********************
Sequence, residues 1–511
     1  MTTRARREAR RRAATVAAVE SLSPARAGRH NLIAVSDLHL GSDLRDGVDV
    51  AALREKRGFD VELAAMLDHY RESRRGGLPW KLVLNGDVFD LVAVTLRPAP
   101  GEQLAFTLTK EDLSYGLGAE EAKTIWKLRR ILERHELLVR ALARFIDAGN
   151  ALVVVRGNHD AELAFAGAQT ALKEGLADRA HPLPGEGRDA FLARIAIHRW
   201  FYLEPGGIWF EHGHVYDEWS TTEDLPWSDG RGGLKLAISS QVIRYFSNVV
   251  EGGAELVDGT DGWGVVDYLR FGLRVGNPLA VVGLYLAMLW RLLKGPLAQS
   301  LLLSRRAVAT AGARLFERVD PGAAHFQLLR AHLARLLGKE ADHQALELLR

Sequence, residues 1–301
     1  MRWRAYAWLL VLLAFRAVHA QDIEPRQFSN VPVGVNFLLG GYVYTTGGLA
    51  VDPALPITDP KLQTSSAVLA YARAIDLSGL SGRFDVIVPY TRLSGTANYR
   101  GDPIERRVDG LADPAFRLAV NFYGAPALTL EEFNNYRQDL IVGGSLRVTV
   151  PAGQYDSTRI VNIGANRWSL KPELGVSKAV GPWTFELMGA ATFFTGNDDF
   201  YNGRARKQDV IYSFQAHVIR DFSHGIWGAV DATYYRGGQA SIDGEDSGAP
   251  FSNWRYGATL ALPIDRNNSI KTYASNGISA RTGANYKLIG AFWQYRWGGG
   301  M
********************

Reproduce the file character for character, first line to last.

Sequence, residues 1–511
     1  MTTRARREAR RRAATVAAVE SLSPARAGRH NLIAVSDLHL GSDLRDGVDV
    51  AALREKRGFD VELAAMLDHY RESRRGGLPW KLVLNGDVFD LVAVTLRPAP
   101  GEQLAFTLTK EDLSYGLGAE EAKTIWKLRR ILERHELLVR ALARFIDAGN
   151  ALVVVRGNHD AELAFAGAQT ALKEGLADRA HPLPGEGRDA FLARIAIHRW
   201  FYLEPGGIWF EHGHVYDEWS TTEDLPWSDG RGGLKLAISS QVIRYFSNVV
   251  EGGAELVDGT DGWGVVDYLR FGLRVGNPLA VVGLYLAMLW RLLKGPLAQS
   301  LLLSRRAVAT AGARLFERVD PGAAHFQLLR AHLARLLGKE ADHQALELLR

Sequence, residues 1–301
     1  MRWRAYAWLL VLLAFRAVHA QDIEPRQFSN VPVGVNFLLG GYVYTTGGLA
    51  VDPALPITDP KLQTSSAVLA YARAIDLSGL SGRFDVIVPY TRLSGTANYR
   101  GDPIERRVDG LADPAFRLAV NFYGAPALTL EEFNNYRQDL IVGGSLRVTV
   151  PAGQYDSTRI VNIGANRWSL KPELGVSKAV GPWTFELMGA ATFFTGNDDF
   201  YNGRARKQDV IYSFQAHVIR DFSHGIWGAV DATYYRGGQA SIDGEDSGAP
   251  FSNWRYGATL ALPIDRNNSI KTYASNGISA RTGANYKLIG AFWQYRWGGG
   301  M